There were so many poster presentations on comparative and evolutionary physiology today at the 2019 Experimental Biology conference that it was impossible to see them all. Here are some highlights:
Dr. Michael Hedrick from California State University – East Bay, presented his research on African cheetahs (Acinonyx jubatus) examining adaptations that cheetahs have evolved to supply their muscles with oxygen so efficiently, given they maintain the world record for being the fastest land animal.
Eliza Skoler, and undergraduate student in the laboratory of Dr. Allyson Hindle at Carleton College in Northfield, MN, presented her research on the amazing ability for Weddell seals to protect their tissues from oxidative stress through naturally high levels of antioxidants.
Michael Orr, a graduate student in the laboratory of Dr. John Gensel at the University of Kentucky, presented research on African spiny mice. Aside from being adorable, these mice have a remarkable ability to regenerate skin and other tissues after injuries. The research is aimed at discovering how these mice regenerate tissues in an effort to learn about the potential for regeneration in other animals, including humans.Dr. Rachael Heuer, a postdoctoral fellow in the laboratory of Dr. Martin Grosell at the University of Miami, presented her research on how temperatures outside the normal range (both higher and lower) for mahi-mahi (Coryphaena hippurus) impaired the animal’s swimming performance.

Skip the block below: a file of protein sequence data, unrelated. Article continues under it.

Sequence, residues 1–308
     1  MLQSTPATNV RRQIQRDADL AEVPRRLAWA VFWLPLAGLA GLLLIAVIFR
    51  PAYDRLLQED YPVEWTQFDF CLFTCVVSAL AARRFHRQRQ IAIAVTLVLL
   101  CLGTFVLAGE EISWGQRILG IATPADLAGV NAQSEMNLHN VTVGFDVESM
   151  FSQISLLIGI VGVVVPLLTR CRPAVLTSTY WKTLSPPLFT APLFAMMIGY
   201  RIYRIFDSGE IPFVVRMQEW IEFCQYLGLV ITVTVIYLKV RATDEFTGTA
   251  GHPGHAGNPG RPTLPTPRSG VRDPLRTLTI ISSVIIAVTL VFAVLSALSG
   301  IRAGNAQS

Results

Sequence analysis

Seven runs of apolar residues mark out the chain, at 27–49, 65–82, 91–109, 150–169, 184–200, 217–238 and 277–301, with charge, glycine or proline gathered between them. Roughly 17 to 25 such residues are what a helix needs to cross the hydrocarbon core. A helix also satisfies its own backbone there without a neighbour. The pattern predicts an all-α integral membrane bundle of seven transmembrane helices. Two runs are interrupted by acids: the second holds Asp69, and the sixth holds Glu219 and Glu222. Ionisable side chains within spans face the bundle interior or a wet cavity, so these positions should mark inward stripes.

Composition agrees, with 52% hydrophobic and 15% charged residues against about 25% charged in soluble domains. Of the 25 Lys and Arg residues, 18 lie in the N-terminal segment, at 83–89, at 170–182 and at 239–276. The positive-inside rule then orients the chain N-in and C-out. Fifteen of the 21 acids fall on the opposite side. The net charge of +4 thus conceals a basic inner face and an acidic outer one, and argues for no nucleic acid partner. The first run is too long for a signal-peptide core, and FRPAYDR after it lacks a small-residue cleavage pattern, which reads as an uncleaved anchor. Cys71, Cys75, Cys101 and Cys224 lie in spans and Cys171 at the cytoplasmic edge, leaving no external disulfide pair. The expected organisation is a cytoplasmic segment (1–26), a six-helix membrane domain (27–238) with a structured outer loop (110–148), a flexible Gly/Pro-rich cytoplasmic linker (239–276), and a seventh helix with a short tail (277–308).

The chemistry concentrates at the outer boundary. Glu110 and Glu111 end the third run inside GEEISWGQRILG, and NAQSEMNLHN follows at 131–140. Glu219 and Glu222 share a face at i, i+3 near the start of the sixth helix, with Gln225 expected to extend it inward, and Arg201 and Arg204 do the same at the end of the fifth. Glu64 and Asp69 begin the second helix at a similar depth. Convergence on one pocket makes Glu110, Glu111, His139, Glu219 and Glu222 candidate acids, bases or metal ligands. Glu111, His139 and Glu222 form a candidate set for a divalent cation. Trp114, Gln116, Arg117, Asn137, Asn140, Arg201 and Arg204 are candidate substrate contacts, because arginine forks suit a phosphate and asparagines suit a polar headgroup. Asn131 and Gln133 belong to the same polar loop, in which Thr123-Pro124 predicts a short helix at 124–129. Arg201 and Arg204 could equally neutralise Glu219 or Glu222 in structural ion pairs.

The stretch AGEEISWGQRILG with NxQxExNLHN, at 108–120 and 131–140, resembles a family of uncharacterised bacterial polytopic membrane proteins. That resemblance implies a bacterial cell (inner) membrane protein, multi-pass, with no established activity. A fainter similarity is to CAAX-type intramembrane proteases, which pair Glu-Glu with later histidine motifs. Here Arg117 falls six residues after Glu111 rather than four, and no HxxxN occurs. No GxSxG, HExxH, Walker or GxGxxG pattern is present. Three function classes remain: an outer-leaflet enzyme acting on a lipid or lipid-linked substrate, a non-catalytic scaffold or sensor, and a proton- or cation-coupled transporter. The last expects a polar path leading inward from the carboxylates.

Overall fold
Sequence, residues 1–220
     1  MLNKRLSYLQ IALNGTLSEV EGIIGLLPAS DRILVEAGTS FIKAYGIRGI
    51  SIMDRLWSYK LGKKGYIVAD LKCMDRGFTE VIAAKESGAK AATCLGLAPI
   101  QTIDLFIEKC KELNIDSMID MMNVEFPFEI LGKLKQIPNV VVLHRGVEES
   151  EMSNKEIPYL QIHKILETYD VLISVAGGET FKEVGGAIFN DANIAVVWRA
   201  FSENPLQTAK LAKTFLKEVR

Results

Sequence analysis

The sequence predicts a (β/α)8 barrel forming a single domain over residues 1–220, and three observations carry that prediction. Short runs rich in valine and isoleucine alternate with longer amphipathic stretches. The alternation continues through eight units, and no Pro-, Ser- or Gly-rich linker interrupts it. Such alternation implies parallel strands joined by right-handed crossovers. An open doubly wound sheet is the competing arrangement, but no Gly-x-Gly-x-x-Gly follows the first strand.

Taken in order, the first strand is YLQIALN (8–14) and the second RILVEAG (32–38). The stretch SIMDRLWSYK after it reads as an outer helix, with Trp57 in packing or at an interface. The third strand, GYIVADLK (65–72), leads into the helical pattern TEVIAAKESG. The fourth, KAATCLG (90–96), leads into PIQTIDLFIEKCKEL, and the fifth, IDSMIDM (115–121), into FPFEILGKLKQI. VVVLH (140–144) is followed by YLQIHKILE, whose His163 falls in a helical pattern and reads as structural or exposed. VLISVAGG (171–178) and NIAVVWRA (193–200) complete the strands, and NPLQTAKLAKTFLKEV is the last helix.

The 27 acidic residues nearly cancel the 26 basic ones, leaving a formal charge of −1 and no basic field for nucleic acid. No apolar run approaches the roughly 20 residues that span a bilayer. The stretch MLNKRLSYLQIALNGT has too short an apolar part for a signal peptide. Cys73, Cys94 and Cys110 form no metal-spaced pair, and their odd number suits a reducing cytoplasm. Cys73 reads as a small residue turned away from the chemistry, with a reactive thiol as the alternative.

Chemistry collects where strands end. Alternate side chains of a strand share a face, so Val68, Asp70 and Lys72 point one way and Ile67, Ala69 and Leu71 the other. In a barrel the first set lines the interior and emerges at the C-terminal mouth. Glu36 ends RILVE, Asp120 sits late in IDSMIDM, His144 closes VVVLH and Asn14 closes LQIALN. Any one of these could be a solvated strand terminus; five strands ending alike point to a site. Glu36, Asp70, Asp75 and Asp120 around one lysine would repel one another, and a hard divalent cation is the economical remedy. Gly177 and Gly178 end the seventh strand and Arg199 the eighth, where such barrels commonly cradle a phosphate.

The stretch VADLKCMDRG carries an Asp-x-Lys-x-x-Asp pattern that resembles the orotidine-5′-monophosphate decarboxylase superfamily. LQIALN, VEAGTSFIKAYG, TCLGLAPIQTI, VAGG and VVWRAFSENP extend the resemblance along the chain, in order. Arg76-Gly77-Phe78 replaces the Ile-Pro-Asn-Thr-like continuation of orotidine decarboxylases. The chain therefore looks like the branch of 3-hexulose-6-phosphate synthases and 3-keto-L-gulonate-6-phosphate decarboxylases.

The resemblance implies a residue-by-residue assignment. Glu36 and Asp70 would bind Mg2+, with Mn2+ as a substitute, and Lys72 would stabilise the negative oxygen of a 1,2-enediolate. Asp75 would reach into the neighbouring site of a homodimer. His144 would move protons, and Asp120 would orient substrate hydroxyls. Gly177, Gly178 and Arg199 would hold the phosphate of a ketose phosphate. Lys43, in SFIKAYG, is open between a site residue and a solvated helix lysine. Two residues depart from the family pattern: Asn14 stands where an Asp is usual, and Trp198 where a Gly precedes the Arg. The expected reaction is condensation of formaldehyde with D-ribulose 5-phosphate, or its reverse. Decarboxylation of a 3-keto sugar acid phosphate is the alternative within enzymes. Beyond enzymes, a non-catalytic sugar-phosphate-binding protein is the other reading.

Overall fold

Categories: Comparative Physiology